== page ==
U.S. Coercion: Trump Threatened Tariffs On European Powers Over Iran Deal

Shortly following the U.S. assassination of top Iranian General Qassem Soleimani, three European signatories to the Iran Nuclear Deal, France, Britain, and Germany, announced that they would be triggering the dispute resolution mechanism within the treaty. The dispute mechanism will mean that the signatories have 30 days to resolve the issue. Failure to do so could see the issue brought before the UN security council and eventually a reimposition of sanctions—in essence, destroying the deal.

The European powers claimed that the dispute was triggered in response to renewed violations of the 2015 deal by Iran, who earlier announced that they would ignore the limitations set on the amount of enriched uranium they could produce. Since the unilateral withdrawal of the United States from the deal and the reimposition of sanctions, Iran has gradually been shirking its commitments to nuclear non-proliferation. In response to the dispute mechanism, Iran hit back at the hypocrisy of the European powers, highlighting that European powers have failed to uphold their part of the treaty and deliver on promised sanctions relief in return for Iran abandoning its nuclear program, as outlined in the deal. This European failure to adhere to its side of the deal can also be linked to the United States, who, following its own withdrawal, has worked to prevent the EU from fulfilling its commitments by threatening European companies doing business with Iran.

U.S. coercion has effectively played a part in every step towards dismantling the deal.  Germany’s defence minister confirmed an earlier report by the Washington Post that President Trump threatened to impose a 25 per cent tariffs on all European car exports if Britain, France, and Germany did not formally trigger a dispute and declare Iran to be in violation of the deal. And thus, with this, the Trump administration has single-handedly been able to dictate European foreign policy and destroy the Iranian Nuclear Deal, despite no longer even being a part of it.

In the pursuit of American interests—or more accurately, the interests of Trump’s key donors and lobbyists in Washington—the U.S. administration under Trump has demonstrated its unwavering commitment to relying on economic warfare as a means to achieve any such of its solipsistic policy goals, even against some of its closest allies in Europe. Just a few weeks ago, Trump resorted to identical tactics as a means to sabotage the Nord Stream 2 LNG pipeline—a joint project between Western Europe and Russia. While much of Trump’s destructive actions, particularly in relation to the Middle East and Iran, seem counterproductive and downright dangerous, if one takes a sideways glance at his key backers, it becomes clear that much Trump’s policy is in the service of his wealthy, economic benefactors. While most states look on with fear at unprovoked assassinations of state officials and the sabotaging of deals designed to prevent nuclear proliferation, billionaire donors such as Sheldon Adelson, and key U.S. allies in Israel and Saudi Arabia, look on with glee.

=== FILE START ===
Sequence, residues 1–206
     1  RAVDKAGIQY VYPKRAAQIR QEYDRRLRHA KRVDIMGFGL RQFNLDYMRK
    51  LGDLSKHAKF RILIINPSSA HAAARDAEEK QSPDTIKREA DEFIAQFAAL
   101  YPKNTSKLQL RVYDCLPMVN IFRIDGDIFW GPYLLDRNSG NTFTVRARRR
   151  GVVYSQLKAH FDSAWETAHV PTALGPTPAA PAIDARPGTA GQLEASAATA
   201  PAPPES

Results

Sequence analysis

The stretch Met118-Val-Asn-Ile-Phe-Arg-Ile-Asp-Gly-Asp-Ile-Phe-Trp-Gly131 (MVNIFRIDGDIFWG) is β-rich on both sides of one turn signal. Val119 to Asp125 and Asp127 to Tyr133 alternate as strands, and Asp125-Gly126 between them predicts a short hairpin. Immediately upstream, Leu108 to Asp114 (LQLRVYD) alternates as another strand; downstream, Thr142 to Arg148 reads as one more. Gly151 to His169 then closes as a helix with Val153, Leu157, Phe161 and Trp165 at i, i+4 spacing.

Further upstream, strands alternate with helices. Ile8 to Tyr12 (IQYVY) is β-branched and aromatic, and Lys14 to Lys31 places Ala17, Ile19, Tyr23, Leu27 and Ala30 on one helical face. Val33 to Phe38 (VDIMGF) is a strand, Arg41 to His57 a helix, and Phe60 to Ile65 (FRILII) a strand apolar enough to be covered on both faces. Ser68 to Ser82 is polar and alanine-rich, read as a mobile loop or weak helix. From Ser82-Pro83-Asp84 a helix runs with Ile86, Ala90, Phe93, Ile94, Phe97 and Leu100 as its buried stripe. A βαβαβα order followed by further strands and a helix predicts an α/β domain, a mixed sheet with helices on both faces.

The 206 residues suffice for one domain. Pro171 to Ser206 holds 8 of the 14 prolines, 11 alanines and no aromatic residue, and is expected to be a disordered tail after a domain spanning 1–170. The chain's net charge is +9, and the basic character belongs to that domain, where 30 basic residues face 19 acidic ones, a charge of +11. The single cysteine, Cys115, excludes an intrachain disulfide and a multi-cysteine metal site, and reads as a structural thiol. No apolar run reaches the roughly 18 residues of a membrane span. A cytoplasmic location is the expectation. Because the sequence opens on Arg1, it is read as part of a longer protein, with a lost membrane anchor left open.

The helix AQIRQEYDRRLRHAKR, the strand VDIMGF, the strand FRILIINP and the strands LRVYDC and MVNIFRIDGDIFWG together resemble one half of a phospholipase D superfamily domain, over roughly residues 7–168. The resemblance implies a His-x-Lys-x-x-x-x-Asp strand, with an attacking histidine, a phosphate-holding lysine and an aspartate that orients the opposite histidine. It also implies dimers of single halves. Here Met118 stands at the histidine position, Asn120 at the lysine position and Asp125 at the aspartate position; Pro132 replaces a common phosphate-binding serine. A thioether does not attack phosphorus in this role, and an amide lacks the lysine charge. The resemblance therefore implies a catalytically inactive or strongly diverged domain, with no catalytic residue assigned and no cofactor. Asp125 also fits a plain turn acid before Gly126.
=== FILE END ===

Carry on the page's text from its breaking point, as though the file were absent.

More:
Ultimately, behind Trump’s facade of ‘America First’ and the formulation of ‘good deals’, his actions thus far have demonstrated that he is more than willing to jeopardise peace and close alliances and perpetuate instability, as long as the price is right. In essence, we are beginning to see that the U.S. is proving itself to be an unreliable and erratic superpower, which is ultimately an unsustainable position if one expects to be a global hegemon. Assassinating state officials and treating their close allies as puppet states is something the U.S. was able to get away with without consequences when it was at the height of its power during the Cold War, however, as the U.S. begins losing the keen vision for world leadership that it once had, the global community will begin to turn away from it, and look for options elsewhere.